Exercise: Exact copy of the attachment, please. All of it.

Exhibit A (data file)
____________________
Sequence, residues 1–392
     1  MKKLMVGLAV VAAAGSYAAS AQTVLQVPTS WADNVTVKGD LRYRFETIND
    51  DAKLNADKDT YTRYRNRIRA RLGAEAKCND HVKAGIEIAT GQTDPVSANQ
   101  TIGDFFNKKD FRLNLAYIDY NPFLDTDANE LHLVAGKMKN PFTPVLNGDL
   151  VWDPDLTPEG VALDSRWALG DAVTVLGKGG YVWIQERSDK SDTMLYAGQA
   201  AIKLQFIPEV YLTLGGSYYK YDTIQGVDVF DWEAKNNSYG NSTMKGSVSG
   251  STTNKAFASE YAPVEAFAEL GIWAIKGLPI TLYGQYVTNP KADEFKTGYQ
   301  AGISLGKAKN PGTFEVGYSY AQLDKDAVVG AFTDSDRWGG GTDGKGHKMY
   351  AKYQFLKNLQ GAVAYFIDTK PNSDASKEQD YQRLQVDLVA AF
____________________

Sequence, residues 1–392
     1  MKKLMVGLAV VAAAGSYAAS AQTVLQVPTS WADNVTVKGD LRYRFETIND
    51  DAKLNADKDT YTRYRNRIRA RLGAEAKCND HVKAGIEIAT GQTDPVSANQ
   101  TIGDFFNKKD FRLNLAYIDY NPFLDTDANE LHLVAGKMKN PFTPVLNGDL
   151  VWDPDLTPEG VALDSRWALG DAVTVLGKGG YVWIQERSDK SDTMLYAGQA
   201  AIKLQFIPEV YLTLGGSYYK YDTIQGVDVF DWEAKNNSYG NSTMKGSVSG
   251  STTNKAFASE YAPVEAFAEL GIWAIKGLPI TLYGQYVTNP KADEFKTGYQ
   301  AGISLGKAKN PGTFEVGYSY AQLDKDAVVG AFTDSDRWGG GTDGKGHKMY
   351  AKYQFLKNLQ GAVAYFIDTK PNSDASKEQD YQRLQVDLVA AF